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This article was written by Jonathan Carr-West, Director of LGiU, and was first published by Public Finance on December 5th 2012. The original article is available here.
The chancellor gave local government a slight breathing space on funding cuts in his Autumn Statement. But there are very few reasons to celebrate.
No turning back – and help for hard working families – were the chancellor’s predominant themes in his Autumn Statement today. Although, despite his bullish ‘Plan A’ political rhetoric, some may have detected a whiff of Keynesianism in the extra £5bn announced for capital infrastructure development.
For local government it’s a mixed picture. There will be some relief at being exempted from the 1% reduction in departmental expenditure next year. But while this may seem like an early Christmas present, it’s unlikely to be enough to ensure a happy new year.
With the realisation of council tax benefit localisation, reforms to the Early Intervention Grant, changes to the social fund and the grim prospect of a poor implementation of universal credit, councils will already be starting the next budget round with a worrying list of known unknowns.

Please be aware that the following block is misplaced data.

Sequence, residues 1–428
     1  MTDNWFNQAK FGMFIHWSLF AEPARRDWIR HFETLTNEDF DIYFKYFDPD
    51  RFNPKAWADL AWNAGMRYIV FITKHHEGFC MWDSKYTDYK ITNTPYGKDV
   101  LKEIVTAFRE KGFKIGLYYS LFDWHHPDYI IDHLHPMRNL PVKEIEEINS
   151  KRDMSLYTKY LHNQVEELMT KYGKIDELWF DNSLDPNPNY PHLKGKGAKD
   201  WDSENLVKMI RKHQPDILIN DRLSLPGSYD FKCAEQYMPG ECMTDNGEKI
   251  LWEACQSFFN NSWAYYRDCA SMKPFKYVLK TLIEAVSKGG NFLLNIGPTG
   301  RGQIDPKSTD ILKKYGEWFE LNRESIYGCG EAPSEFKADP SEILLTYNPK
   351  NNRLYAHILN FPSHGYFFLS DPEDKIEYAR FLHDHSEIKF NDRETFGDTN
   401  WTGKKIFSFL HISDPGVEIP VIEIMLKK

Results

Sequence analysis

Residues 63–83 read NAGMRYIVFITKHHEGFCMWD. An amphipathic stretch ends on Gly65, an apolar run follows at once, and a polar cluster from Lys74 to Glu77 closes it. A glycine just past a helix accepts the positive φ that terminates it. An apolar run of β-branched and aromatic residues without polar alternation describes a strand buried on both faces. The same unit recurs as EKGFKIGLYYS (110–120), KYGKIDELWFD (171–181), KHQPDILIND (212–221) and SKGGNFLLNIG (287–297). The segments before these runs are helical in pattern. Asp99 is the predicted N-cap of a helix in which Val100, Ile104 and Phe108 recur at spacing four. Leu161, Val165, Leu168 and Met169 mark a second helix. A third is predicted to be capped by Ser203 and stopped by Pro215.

And on top of this we have the expectation of a 2% reduction in the following year and a tough new funding settlement to come. Given that in the last month we’ve already seen a council declared financially unviable for the first time since 1907 and the Audit Commission warning that one in ten councils are at ongoing risk of being unable to balance their budgets, it’s hard to imagine that further cuts won’t see more councils effectively becoming insolvent.
There are important positives however. The government’s support for aspects of Lord Heseltine’s local growth review is to be welcomed; particularly the creation of a single funding pot for growth related spending and the devolution of this funding down to local level. Additional funding or capacity building within LEPs is also encouraging. We must hope that the process of bidding for this money does not present too many bureaucratic hurdles.
It’s also interesting to note that as part of their commitment to local growth the government promises support to local authorities ‘who wish to create a combined authority or implement other forms of collaboration’, reflecting perhaps a recognition of the financial risk that many local authorities will now be operating under.
A more joined up approach to spending on growth and local infrastructure is a step in the right direction and should enable local authorities to more fully realise the potential of a community budgeting approach.
The challenge will be that they are in a race against time to use the breathing space created by the exemption from next year’s departmental spending cuts to effect a radical transformation of public services, and to bring citizens with them on that journey, ahead of further cuts kicking in from 2014.
It’s a tall order and for many the Ghost of Christmas Future will loom large. They may well feel that George Osborne is still playing (unreformed) Scrooge to their Tiny Tim.